Live longer helps not only taste sweet, but the taste of water – however, while this pattern was found only in fruit flies.
Sweets are usually associated with obesity and diabetes (not to mention tooth decay), and because the sweet influence on life expectancy, seems to be uniquely bad – the one who has a lot of sugar, risking a lot to be ill and to die sooner. However Alcedo joy (Joy Alcedo) from Wayne state University and her colleagues from the University of Michigan found that sugar and in fact may prolong life.
Though here it is necessary to stress that the researchers, first, experimented on flies, fruit flies, and, secondly, studied not so much the fate of the sugar substances in the body of the flies, how many taste sensations. So it would be more correct to say that the life expectancy of the insects are not dependent on sugar, and from a sense of sweet.
Gustatory receptors in Drosophila are located on legs, wings and in the oral apparatus. If genetic mutations were off the mouth of the "sweet" receptors, the lifespan of Drosophila was grown, but if I disabled all the receptors responsible for sweet, flies lived significantly less than their normal comrades. The researchers stipulate that the amount eaten here did not play a role: fruit flies could eat a lot, could eat a little, but, lacking sweet receptors are still short lived.
We can say that the sweet taste of the fruit flies extended life – it is the taste, not very sweet substance, whatever it was. While the bitter taste had the opposite effect: if the flies did not feel bitter, they lived longer. But the most amazing effect treated to the taste of water: if insects did not feel the water, their life expectancy has increased by as much as 43%. The influence of the taste of the water was stronger than the effect of the ability to feel bitter or sweet. Similar results, incidentally, were previously obtained on the nematode Caenorhabditis elegans: longevity of worms depended on what flavors they feel or not feel. Why, the researchers don't know yet, although some of the assumptions they have. Taste sensations give us information about what we eat, and depending on this information, the body takes a decision – for example, how to better control your metabolism. The sensation of sweetness, as the scientists write in their article in the Proceedings of the National Academy of Sciences, stimulates in the brain of Drosophila is a special signaling pathway that affect insulin. Insulin is known to depend on the metabolism of carbohydrates, and it can be assumed that the inability to feel the sweet taste upset managing insulin, and because of this, and disturbed carbohydrate metabolism. A disturbed carbohydrate metabolism, in turn, can badly affect the life expectancy, even if the fly is especially a lot of carbs and not eating.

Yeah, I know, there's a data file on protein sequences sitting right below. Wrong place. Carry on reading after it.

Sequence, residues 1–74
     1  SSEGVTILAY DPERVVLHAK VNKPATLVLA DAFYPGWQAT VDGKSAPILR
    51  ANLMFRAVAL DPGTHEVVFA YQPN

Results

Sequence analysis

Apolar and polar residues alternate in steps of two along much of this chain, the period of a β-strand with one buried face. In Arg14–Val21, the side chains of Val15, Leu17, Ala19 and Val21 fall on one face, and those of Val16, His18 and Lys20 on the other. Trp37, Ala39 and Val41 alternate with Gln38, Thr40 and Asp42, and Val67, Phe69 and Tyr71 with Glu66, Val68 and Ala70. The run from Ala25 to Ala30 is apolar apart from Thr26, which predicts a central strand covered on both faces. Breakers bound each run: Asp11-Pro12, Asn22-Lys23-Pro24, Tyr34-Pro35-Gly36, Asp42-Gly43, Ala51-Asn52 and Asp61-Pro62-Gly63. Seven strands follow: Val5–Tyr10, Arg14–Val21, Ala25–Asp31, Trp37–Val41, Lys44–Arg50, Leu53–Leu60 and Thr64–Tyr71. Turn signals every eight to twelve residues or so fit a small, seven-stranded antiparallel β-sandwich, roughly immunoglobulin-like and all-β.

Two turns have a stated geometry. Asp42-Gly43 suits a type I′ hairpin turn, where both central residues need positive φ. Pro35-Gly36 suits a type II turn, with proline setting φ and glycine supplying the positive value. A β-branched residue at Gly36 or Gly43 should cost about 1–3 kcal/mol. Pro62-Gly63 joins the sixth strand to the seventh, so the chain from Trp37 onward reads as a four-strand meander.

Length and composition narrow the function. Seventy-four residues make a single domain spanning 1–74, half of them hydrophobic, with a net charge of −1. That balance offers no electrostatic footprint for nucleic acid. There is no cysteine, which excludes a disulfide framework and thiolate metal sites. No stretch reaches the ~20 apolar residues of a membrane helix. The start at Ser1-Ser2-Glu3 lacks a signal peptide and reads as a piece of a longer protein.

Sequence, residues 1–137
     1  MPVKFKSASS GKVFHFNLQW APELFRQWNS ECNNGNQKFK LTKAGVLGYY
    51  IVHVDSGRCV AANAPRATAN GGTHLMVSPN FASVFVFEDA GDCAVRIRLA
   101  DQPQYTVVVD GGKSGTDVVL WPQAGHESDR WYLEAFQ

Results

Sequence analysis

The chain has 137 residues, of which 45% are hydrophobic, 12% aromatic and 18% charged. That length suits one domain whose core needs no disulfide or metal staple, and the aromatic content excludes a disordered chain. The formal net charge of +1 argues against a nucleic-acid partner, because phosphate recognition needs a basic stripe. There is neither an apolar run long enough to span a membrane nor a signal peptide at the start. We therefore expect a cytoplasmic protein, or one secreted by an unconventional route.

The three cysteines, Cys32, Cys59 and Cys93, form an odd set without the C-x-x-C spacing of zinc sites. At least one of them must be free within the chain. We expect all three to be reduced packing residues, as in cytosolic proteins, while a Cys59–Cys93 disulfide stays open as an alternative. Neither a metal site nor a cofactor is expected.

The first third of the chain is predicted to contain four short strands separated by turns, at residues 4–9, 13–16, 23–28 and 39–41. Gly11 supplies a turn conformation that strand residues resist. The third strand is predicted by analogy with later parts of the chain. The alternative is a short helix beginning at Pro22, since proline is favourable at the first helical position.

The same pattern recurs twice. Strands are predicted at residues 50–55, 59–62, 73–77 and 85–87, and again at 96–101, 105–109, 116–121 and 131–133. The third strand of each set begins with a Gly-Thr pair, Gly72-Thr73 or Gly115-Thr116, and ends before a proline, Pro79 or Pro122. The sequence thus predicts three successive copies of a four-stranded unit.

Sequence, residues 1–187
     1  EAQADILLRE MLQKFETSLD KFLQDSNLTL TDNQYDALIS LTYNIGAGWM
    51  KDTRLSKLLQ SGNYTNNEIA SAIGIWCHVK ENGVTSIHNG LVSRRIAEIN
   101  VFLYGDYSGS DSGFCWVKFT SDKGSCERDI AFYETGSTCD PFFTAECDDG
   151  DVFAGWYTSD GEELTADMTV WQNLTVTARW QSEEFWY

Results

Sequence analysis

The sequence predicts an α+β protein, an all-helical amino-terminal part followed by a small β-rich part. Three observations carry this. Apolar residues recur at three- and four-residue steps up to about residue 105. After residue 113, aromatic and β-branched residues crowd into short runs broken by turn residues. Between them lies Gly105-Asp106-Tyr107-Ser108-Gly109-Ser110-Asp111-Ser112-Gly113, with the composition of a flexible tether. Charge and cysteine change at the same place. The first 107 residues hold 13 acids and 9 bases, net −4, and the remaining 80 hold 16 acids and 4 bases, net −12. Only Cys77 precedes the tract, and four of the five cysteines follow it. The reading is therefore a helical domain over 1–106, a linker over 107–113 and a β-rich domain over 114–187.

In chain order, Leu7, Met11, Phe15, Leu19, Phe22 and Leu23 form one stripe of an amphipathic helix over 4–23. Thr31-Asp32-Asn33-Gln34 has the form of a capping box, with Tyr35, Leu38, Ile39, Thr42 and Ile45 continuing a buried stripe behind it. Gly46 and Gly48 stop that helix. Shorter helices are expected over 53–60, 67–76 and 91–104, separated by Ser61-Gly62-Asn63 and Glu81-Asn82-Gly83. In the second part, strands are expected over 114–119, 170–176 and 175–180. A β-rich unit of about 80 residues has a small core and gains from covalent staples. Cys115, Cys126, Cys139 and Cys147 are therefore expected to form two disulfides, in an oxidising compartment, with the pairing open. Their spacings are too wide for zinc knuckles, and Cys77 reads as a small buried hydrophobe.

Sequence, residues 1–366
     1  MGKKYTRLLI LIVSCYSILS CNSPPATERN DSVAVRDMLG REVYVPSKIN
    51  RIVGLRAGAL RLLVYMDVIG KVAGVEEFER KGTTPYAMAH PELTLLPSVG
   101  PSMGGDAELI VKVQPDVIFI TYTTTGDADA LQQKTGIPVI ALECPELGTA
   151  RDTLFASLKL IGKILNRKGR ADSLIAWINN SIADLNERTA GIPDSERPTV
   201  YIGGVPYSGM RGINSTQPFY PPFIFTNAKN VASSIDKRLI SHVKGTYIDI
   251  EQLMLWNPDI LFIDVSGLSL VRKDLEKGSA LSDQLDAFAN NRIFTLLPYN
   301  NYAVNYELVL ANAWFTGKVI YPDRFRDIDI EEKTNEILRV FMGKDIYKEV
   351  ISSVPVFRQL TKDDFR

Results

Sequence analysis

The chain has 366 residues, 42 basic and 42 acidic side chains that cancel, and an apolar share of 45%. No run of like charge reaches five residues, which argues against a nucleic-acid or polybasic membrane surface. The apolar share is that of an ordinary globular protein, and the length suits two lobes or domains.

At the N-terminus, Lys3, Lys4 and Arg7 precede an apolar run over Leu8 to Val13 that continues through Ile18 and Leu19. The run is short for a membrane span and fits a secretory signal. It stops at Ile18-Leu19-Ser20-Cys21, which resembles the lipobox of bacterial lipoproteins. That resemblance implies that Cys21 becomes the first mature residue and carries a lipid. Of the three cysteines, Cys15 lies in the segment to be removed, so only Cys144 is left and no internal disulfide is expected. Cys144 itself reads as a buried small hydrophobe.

As for the taste of water, then, as suggested by the authors, all the matter in the protective reactions of the organism: if Drosophila does not feel the taste of water, it seems that unfavorable dry period, and so the body starts accumulating the fats that, when broken down, give water and which can be used as an internal water reserve. Although the drought this false, pre-stored fats can serve as a kind of "safety cushion" against any adverse conditions if they do occur.
Such studies are relevant not only to worms and flies, but also to people: the ability to feel – or not feel – or that the taste affects our "food policy", that is, the love of one product and dislike another. And therefore increased or reduced sensitivity to sweet, bitter, etc. can easily affect the metabolism and well-being of the organism as a whole.